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Monro v. City of Portland

Superior Court of Maine, Cumberland

June 19, 2014

JONATHAN MONRO, et al., Plaintiffs,
v.
CITY OF PORTLAND, et al, Defendants

ORDER

Thomas D. Warren, Justice

Pursuant to this court's order dated June 5, 2014 plaintiffs have submitted further authority with respect to Count III of their complaint.

Only one of the two cases plaintiffs have submitted bears any similarity to the case at bar. In Mutton Hill Estates Inc. v. Town of Oakland , 468 A.2d 989 (Me. 1983), opponents of a subdivision had engaged in ex parte meetings with members of the Planning Board to prepare findings which the Oakland Planning Board then adopted without discussion.

In this case plaintiffs' complaint alleges that the Portland Planning Board voted to approve the project on January 14, 2014 even though the stormwater drainage plan was incomplete, and that a written decision was issued on January 28, 2014. Complaint ¶ ¶ 31-32, 47. Plaintiffs also allege that " subsequent to the Planning Board's approval, " planning board staff met ex parte with the developer on the subject of stormwater drainage. Complaint ¶ 49. This leaves open the possibility that those meetings were held after the January 14 vote and before the January 28 written decision and that those meetings contributed to the written findings in the decision.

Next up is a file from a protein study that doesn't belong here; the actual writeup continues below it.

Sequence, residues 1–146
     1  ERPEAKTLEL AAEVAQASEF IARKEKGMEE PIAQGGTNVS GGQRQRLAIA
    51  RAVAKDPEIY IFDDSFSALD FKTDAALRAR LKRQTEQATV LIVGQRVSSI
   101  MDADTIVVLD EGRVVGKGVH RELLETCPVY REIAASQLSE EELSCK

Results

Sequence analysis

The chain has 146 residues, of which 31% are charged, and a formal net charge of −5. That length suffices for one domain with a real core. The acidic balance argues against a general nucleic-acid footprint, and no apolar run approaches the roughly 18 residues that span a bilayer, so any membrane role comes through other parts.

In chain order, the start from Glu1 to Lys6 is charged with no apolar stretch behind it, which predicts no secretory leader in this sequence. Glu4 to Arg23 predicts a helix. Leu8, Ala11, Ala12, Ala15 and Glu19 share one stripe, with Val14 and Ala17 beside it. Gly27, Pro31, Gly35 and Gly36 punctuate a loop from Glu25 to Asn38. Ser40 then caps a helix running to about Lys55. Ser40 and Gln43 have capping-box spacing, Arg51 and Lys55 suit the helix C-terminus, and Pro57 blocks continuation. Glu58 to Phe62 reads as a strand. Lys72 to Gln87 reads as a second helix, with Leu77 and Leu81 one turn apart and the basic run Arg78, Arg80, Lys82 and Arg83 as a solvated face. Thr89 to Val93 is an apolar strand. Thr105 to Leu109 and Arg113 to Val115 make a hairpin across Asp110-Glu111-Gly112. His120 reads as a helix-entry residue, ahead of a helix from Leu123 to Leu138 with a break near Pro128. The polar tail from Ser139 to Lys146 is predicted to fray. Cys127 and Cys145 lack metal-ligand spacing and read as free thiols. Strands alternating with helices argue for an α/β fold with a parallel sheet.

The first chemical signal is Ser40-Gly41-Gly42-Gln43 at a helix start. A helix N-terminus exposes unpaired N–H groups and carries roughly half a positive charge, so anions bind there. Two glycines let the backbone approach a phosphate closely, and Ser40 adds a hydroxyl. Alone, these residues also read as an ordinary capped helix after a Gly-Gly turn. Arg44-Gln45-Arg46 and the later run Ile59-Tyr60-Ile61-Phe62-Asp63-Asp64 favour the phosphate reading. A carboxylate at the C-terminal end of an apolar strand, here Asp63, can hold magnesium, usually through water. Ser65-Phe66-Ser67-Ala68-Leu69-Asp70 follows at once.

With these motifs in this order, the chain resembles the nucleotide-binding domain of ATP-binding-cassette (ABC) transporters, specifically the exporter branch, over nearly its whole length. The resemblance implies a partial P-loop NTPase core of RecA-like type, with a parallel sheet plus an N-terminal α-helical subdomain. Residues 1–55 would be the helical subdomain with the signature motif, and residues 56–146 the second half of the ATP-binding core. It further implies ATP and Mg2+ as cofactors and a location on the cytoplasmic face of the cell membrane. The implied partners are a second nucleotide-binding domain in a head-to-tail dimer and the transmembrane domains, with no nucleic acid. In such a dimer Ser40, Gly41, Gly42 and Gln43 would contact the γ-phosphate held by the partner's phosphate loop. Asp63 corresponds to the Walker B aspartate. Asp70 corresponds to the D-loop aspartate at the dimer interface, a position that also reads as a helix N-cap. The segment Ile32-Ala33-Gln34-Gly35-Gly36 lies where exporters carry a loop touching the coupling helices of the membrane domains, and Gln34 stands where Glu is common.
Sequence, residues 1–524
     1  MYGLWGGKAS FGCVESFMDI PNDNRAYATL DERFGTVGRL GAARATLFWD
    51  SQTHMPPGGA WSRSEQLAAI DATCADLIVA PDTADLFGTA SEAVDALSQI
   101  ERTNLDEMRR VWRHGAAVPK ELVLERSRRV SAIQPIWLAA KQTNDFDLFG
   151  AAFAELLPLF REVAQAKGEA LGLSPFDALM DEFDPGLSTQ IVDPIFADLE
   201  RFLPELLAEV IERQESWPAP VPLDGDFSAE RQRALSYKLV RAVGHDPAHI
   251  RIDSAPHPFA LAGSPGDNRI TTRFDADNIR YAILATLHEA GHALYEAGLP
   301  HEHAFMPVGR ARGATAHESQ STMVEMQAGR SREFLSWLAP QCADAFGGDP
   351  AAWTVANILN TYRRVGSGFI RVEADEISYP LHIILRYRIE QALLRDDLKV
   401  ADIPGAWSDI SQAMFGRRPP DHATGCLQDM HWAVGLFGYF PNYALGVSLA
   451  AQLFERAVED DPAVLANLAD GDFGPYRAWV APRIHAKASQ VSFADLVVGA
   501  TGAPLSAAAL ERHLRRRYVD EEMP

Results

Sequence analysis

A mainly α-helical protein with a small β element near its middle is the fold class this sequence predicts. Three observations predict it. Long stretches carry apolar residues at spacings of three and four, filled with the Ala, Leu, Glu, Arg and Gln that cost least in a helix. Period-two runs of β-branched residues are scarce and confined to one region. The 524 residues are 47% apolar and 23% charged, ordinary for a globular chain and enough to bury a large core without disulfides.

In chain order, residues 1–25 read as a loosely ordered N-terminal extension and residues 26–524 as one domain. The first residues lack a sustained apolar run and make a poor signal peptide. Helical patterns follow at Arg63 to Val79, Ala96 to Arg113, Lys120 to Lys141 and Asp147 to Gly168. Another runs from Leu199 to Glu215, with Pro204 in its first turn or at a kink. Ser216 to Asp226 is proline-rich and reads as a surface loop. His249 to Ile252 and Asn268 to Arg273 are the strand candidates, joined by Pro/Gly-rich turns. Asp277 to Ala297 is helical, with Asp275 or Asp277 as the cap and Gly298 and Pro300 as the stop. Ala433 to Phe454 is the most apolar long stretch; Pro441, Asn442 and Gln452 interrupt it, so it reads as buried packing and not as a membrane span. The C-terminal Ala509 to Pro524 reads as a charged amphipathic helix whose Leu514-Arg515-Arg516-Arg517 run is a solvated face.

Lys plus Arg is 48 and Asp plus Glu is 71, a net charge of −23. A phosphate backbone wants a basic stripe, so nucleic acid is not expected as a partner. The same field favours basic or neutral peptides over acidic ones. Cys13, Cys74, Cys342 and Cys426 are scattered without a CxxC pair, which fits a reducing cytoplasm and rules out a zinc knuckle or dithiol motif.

Based on that possibility, the court will deny the motion to dismiss Count III. In so doing, it construes Count III as alleging that there were procedural improprieties with respect to stormwater drainage. The court does not agree that a constitutional violation has been alleged.

Plaintiffs are entitled to challenge the Planning Board's decision on the theory that the stormwater drainage plan was incomplete. They are also entitled to challenge the Planning Board's decision based on alleged procedural improprieties with respect to stormwater drainage.[1] However, a right to have stormwater properly addressed does not constitute a property interest for purposes of the due process clause of the Maine and U.S. Constitutions. Unlike the developer in Mutton Hill Estates , which was denied the right to develop a 12-acre subdivision, plaintiffs have not been deprived of any constitutionally protected property interest by the Planning Board's approval.

The entry shall be:

For the reasons set forth above, defendants' motion to dismiss Count III of the complaint is denied. The Clerk is directed to incorporate this order in the docket by reference pursuant to Rule 79(a).


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